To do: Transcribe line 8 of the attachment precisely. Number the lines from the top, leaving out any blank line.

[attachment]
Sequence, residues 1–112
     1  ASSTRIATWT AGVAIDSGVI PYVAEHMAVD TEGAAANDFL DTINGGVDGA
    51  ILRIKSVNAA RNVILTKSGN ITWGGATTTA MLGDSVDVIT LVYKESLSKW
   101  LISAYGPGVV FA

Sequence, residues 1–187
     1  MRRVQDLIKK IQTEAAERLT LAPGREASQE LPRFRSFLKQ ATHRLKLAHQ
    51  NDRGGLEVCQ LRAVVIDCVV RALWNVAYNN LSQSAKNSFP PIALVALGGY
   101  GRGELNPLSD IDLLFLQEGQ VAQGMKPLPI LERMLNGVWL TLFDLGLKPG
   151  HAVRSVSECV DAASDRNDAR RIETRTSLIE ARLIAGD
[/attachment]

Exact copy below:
   101  GRGELNPLSD IDLLFLQEGQ VAQGMKPLPI LERMLNGVWL TLFDLGLKPG